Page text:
Being concerned for what you heard does not mean to be on the offensive and taking action against the would-be perpetrator, it only means to be on the defensive. One must be very carefully when telling others of a possible threat to be sure they will just listen and take precautions on the defensive because if you see they will go on the offensive then you cannot warn then since the whole reason you are allowed to warn then is because of the verse “Love your neighbor as yourself” just as you would not want any harm done to yourself then you should inform others who might be in harm’s way. However, if you know the people you will tell will go on the offensive and hurt or embarrass the would-be offender then why should his blood be any redder than their blood and the mitzvah of “Love your neighbor as yourself” will apply to the possible offender because he might be a threat to others, but they are definitely going to be a threat to him so it’s better. It to tell them anything.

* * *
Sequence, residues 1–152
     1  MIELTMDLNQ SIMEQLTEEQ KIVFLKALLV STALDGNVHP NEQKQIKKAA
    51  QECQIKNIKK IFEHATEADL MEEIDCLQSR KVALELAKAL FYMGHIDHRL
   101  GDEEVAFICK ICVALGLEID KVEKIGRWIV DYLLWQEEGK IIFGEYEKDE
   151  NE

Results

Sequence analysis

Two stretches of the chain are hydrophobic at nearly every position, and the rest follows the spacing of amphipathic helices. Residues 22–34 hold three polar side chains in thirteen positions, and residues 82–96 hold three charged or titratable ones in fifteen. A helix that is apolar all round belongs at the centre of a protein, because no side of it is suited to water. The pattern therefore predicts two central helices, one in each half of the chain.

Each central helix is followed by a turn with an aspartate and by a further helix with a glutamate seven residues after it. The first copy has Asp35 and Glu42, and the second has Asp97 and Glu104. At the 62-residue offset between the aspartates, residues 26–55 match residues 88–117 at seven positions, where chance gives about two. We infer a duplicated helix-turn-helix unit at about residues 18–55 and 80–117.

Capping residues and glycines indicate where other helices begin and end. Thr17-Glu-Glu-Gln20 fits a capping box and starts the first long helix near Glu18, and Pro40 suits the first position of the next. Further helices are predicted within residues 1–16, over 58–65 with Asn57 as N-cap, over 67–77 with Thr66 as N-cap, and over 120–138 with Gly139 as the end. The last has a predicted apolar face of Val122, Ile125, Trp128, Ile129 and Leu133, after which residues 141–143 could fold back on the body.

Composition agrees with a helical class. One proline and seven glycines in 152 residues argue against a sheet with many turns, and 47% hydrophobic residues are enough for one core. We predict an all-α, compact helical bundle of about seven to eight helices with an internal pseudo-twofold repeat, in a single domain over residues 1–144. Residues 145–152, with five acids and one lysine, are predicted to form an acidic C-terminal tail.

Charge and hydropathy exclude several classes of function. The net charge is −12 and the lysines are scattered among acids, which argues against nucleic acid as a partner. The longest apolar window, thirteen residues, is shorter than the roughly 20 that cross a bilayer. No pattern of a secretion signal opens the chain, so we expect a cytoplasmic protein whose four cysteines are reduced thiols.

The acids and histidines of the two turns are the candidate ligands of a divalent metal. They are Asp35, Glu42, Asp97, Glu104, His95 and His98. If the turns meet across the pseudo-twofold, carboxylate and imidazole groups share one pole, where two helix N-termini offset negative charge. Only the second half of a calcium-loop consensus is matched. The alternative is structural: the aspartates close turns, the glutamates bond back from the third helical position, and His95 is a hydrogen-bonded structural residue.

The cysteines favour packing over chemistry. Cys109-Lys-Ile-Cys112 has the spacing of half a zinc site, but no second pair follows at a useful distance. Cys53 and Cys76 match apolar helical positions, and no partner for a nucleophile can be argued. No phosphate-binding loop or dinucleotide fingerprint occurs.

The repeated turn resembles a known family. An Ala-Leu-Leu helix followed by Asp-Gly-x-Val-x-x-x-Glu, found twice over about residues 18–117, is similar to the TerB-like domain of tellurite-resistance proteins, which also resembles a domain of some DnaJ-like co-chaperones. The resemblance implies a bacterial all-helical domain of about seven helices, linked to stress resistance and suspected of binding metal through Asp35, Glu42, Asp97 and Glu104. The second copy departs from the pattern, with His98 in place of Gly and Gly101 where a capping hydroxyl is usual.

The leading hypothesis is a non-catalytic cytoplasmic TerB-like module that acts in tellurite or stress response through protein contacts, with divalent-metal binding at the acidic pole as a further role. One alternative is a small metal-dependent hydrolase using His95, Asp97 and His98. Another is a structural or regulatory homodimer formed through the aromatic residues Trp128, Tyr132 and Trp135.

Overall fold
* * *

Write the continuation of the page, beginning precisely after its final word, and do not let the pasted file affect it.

Bottom line you can only be concerned about lashon hara you heard to be on the defensive but not to act on the offensive.

Kedoshim – It All Leads Back to the Same Source

For Food for Thought in Spanish: Haga clic aquí para leer en español. Please share this with your Jewish Spanish speaking family, friends, and associates.

This week’s Food for Thought is dedicate in memory of a 4 year old boy,  Chizkiyahu Nachshon Meir ben Tzvi Ariel, who completed his mission in  life an succumbed to cancer on his birthday, Monday. He was buried in Tzfas by his parents, Reb Tzvi and Temima Eckhardt. Reb Tzvi used to be part of the CITE Chofetz Chaim Alumni Mussar Chabura, may we only share in simchas in the future! 

Now for some food for thought: